“Hear Me Talking to You”: Improvisation and the Auricular Imperative in Ma Rainey’s Black Bottom


  • Jürgen E. Grandt Independent Scholar




jazz, blues, improvisation, film


Students of August Wilson’s play have heretofore focused almost exclusively on the title song and have thus not heard that the plot actually revolves around an auricular imperative set forth by another tune recorded at the session, “Hear Me Talking to You.” Its rehearsal and recording augur that the deadly violence is ultimately propelled by a failure to listen much more so than by the racial exigencies of America’s Jazz Age. Unlike the solitary act of writing, collective music-making depends crucially on aural connectivity—just as actors on stage must also listen to each other. This auricular imperative, then, is also an ethical one as it demands an openness and receptiveness to the story of the other. In music, especially in improvised music, self-actualization is subject to an ethics of responsible listening: successful music-making therefore comes with an interpersonal accountability to the sonorities of the others’ stories. Combining the two defining blues tropes of travel and of love gone wrong, the auricular imperative issued by “Hear Me Talking to You” applies to Ma Rainey, the Mother of the Blues, as much as to Levee Green, the young, upstart jazz modernist. Hence, Wilson’s play dramatizes listening as a profoundly ethical act, a paramount act whose obviation can bring tragic consequences. Ironically, George C. Wolfe’s cinematographic transposition of the play mutes the auricular imperative, returning the characters to the same old spiraling groove of the American race “record” instead of ending, as Wilson’s script does, on the self-actualizing potential inherent in musical improvisation.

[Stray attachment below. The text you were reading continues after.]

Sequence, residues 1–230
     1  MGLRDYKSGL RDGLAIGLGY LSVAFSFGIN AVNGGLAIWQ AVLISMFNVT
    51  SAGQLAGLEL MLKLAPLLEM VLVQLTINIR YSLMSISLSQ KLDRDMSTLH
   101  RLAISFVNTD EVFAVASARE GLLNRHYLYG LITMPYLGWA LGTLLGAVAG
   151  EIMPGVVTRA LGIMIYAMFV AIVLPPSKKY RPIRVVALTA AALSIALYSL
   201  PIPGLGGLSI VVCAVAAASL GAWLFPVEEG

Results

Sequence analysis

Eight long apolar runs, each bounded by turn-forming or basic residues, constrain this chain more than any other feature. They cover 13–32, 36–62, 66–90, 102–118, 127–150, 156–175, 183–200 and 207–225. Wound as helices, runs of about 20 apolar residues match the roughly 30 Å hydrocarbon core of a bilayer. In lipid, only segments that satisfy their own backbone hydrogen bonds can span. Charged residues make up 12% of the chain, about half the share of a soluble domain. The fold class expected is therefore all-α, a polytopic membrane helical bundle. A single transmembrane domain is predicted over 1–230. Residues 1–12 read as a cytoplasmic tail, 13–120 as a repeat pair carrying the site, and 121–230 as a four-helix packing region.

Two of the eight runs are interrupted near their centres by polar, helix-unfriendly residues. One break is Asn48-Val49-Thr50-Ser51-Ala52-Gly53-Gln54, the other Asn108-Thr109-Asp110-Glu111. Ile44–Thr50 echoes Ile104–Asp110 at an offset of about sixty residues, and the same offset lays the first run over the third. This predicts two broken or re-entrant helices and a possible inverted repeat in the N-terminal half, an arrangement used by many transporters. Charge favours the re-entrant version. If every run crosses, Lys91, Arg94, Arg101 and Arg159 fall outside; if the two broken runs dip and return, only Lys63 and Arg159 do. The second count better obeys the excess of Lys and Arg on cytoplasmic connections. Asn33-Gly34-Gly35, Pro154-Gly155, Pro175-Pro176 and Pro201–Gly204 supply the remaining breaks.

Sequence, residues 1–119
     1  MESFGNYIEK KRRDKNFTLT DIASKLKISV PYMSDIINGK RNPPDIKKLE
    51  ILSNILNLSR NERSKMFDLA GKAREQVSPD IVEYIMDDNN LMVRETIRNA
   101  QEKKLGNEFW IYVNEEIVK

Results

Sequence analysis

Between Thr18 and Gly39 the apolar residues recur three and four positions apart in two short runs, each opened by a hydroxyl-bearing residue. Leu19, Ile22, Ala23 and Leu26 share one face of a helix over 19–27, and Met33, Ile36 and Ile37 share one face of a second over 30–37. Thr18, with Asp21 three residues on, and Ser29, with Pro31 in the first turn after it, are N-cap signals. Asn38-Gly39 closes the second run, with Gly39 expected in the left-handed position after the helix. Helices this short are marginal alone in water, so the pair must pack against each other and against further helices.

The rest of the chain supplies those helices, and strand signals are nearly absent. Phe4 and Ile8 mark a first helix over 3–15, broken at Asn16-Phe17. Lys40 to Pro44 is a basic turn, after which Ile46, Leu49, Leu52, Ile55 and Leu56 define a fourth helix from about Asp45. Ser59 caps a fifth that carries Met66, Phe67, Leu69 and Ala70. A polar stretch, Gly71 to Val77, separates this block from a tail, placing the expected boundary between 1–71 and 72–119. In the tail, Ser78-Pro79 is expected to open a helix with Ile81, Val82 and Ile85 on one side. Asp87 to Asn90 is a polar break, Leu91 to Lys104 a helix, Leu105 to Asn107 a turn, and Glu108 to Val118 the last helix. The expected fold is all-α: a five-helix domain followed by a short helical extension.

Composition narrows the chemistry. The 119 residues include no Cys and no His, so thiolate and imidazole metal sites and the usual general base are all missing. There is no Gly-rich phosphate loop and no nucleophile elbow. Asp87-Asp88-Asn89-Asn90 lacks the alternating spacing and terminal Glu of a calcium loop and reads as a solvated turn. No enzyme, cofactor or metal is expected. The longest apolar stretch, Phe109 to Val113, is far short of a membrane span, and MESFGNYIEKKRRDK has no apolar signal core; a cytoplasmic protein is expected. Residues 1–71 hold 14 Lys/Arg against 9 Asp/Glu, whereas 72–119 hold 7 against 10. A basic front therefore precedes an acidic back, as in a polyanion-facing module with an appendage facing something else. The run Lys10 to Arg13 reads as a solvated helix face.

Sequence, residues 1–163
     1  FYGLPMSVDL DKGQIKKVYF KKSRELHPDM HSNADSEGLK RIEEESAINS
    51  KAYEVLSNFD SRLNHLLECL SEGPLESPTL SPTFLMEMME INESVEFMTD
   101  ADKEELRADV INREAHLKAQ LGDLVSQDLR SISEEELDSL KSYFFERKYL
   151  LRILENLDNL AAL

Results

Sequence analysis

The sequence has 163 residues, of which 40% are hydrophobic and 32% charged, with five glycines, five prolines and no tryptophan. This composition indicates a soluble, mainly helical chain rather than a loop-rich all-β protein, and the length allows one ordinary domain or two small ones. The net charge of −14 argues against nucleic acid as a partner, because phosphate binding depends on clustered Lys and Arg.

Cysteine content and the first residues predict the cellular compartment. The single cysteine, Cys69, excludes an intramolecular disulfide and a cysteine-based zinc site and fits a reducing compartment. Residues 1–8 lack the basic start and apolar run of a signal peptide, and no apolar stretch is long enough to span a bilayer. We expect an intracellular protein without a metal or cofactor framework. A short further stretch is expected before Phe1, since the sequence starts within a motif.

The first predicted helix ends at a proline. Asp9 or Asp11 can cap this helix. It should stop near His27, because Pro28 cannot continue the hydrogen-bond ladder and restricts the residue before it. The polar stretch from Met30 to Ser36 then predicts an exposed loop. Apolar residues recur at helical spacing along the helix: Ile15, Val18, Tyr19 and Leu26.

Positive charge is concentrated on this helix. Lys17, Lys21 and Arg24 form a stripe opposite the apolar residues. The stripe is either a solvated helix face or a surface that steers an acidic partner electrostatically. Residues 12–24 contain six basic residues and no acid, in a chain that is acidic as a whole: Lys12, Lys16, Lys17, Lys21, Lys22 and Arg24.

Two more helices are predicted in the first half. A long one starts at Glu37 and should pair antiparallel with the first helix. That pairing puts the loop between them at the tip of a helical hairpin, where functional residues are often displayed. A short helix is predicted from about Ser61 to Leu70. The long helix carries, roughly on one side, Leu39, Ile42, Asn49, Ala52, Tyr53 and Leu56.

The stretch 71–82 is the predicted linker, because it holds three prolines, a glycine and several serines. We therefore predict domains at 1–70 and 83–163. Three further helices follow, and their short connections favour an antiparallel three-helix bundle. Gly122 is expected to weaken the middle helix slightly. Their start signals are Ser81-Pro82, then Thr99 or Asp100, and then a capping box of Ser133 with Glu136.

Author Biography

Jürgen E. Grandt, Independent Scholar

Jürgen E. Grandt is an independent scholar and the author of numerous articles in African American and American Studies. He has also penned Kinds of Blue: The Jazz Aesthetic in African American Narrative (Ohio State UP, 2004) and Shaping Words to Fit the Soul: The Southern Ritual Grounds of Afro-Modernism (Ohio State UP, 2009). His most recent book is Gettin’ Around: Jazz, Script, Transnationalism (U of Georgia P, 2018).